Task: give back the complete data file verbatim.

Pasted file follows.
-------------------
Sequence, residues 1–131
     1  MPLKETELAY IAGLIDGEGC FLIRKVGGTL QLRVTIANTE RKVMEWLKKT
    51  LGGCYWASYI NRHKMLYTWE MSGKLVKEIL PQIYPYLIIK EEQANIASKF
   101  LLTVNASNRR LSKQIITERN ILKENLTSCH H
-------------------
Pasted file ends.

Sequence, residues 1–131
     1  MPLKETELAY IAGLIDGEGC FLIRKVGGTL QLRVTIANTE RKVMEWLKKT
    51  LGGCYWASYI NRHKMLYTWE MSGKLVKEIL PQIYPYLIIK EEQANIASKF
   101  LLTVNASNRR LSKQIITERN ILKENLTSCH H